There are other things interesting about this graph too. (1) The overall increase in the percentage of the U.S. population who attends and graduates college… and thus changing ideas about who “needs” a college degree. (2) The fact that the gender difference wasn’t extreme in the late 1800s at all and increased in the early 1900s. (This is in contrast to most students understanding of history, in my experience, as a linear story of progress from backwards to enllightened.) (3) The spike in college enrollment and graduation after WWII (GI Bill… but how does that explain the stats on women?). (4) The weird dip in 1950s (I don’t know what that’s all about). And, (5) the period of near parity in the 1960s. (In the comments, Penny points out that I mis-read the graph in haste. I apologize.) (3) The weird dip for people born in the 1950s and coming of age in the 1970s (I don’t know what that’s all about). And, (4) the period of near parity for people born in the 1960s and coming of age in the 1980s.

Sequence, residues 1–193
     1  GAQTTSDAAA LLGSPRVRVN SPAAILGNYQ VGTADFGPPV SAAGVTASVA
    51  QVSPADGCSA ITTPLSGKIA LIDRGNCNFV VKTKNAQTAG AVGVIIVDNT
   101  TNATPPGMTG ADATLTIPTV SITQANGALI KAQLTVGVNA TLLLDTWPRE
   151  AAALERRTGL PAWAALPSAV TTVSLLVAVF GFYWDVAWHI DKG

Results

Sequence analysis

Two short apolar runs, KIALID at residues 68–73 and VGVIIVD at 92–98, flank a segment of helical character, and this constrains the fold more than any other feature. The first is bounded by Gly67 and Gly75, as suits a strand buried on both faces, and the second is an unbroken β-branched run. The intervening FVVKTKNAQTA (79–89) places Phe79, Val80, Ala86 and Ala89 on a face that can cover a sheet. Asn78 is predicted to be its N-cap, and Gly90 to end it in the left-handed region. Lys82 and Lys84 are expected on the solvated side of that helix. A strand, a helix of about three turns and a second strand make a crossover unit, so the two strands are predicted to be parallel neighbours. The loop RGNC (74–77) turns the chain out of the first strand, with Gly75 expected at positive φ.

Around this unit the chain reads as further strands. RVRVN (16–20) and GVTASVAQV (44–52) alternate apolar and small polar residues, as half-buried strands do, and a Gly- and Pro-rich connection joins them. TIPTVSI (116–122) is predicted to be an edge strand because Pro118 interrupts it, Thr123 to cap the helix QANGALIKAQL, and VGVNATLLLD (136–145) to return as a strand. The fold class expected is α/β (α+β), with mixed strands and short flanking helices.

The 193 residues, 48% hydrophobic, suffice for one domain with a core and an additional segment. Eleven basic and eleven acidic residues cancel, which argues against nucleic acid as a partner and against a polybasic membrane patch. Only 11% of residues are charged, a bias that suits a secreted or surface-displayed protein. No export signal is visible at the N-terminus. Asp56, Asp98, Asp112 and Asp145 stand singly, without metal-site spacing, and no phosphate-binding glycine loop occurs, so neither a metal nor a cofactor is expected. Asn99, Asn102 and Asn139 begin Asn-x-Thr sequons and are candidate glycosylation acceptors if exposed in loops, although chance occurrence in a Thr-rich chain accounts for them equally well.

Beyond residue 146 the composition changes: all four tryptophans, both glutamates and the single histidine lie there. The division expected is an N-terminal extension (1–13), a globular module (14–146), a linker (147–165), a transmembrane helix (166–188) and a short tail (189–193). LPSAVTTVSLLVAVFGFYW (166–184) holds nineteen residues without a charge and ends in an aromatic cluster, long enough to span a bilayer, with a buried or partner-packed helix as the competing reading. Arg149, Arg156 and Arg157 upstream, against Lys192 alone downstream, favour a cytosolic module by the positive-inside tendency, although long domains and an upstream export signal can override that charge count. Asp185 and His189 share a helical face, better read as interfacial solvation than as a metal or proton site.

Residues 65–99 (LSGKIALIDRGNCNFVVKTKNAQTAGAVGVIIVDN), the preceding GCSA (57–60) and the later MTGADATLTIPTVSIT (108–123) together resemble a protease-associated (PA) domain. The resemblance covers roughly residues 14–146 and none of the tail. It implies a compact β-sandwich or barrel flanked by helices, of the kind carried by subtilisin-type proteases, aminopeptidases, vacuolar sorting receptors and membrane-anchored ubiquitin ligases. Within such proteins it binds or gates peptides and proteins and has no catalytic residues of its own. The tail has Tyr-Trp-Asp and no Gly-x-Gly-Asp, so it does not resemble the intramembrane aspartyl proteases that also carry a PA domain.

See the accompanying article at the New York Times.